Dog story photo

Coles County animal shelter employee Marissa Burton sits with Toby, a dog that was left at the shelter in mid-August. Burton's work with Toby helped change his fearful behavior so he could be trained and adopted.

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CHARLESTON -- When Toby the dog first showed up, he cowered in his kennel, wouldn't eat and wouldn't let anyone touch him.

But Marissa Burton thought there was a chance for the 7-month-old retriever mix left at the Coles County Animal Rescue and Education Center.

"I just had a feeling that he was a good dog," she said.

Burton, an animal shelter employee who serves as its public relations representative, decided Toby was worth the effort. She's had no formal training but thought she could make the dog more comfortable with people and take it from there.

"I've just been a dog lover my entire life," she said. "Something in his eyes told me he was intelligent but scared out of his mind."

Toby was left in the shelter's after-hours drop off in mid-August. The note his owners left said they were surrendering him because of "fearful behavior" and that he'd acted that way his entire life.

Still, Burton said there were signs that Toby might have been mistreated. But despite the cowering, the flinching at a quickly raised hand and other behavior, he "showed he wanted to be with people," she said.

She started by sitting with Toby in his kennel until he finally approached her. She said "little by little" he was willing to do more, go outside or spend time in the shelter's office.

Though Toby was making progress, Burton said the shelter was nearing the maximum number of dogs it could hold and that "made me nervous." Reaching that point means there's "no choice" but to euthanize, though the shelter hasn't had to do that since the end of last year, she said.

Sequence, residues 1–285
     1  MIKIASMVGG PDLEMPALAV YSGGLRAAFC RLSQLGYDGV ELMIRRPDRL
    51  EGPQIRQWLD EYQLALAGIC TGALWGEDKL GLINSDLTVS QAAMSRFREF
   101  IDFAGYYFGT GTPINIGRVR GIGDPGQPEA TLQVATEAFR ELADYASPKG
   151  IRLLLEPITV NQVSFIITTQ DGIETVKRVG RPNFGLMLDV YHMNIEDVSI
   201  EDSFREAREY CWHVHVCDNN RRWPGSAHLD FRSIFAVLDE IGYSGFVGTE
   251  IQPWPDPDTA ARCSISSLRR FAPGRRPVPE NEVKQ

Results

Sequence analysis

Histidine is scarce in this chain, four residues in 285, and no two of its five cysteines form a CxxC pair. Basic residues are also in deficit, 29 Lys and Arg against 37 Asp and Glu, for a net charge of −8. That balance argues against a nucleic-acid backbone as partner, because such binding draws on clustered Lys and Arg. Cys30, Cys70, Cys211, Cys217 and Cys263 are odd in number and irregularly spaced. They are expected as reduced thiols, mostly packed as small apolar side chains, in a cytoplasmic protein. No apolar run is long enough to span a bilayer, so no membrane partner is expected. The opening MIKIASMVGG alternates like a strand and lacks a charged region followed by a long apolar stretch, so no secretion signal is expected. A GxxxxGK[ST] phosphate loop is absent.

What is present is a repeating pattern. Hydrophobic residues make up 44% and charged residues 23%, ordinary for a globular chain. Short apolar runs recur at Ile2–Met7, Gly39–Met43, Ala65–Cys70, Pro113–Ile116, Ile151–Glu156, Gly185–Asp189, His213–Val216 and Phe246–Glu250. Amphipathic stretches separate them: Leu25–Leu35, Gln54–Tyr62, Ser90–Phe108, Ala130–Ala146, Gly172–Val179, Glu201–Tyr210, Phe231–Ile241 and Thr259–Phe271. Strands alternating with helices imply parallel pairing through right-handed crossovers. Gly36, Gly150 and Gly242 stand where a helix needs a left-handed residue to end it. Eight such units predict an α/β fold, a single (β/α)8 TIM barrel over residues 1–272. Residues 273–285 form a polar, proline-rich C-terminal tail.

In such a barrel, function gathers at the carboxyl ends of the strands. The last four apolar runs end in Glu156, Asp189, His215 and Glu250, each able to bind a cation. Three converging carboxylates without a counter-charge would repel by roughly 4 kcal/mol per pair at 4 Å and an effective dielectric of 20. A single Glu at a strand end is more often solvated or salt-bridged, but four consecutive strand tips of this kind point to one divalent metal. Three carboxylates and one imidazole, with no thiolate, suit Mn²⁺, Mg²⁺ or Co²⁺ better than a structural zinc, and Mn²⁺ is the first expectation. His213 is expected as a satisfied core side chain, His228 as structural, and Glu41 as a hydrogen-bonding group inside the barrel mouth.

Toby still wasn't ready to be adopted so the shelter posted his story on social media to try to find someone who could continue to work with him, Burton said.

That's when Jennifer Warner entered the picture. A dog trainer and rescuer who lives in Saluda, S.C., she heard about Toby's story and contacted the shelter the next day.

Warner said she's worked with dogs for "20-plus years" and most have been fearful or aggressive. What she learned about Toby made her think he fit the profile of a dog who could be helped.

"If it's a learned from a human it can be undone by a human," she said.

Warner's son and his fiance made the trip to Coles County to get Toby. Burton said shelter volunteer Susan Love helped make the travel arrangements and raise money for the expenses.

Warner said Toby refused to leave his crate during the trip to South Carolina. When he first arrived, he wouldn't let anyone touch him and tried to hide most of the time, she said.

To try to get Toby to change, Warner said she "flooded" him, made he stay around her by keeping him on a leash. She said she used a quiet, slow approach, petting him for a bit and making him follow her.

"He understood I wasn't going to hurt him," she said.

She soon introduced him to other dogs that were "stable," her own pets plus several others she rescued. Soon, Warner's husband and son could pet Toby, he started to lay people's laps and became friends with the other pooches.

"He's like a completely different dog," Warner said.

Toby's been with Warner for about three weeks and she plans to eventually find someone to adopt him.

She said applicants will have to be "heavily screened" to ensure they're compatible. She thinks he'll be ready by the end of the year but it depends "when the right person comes along," she said.

Warner praised the people at the Coles County shelter for going "above and beyond" in their efforts to find a home for Toby.

"He just needed a chance to feel safe," she said.

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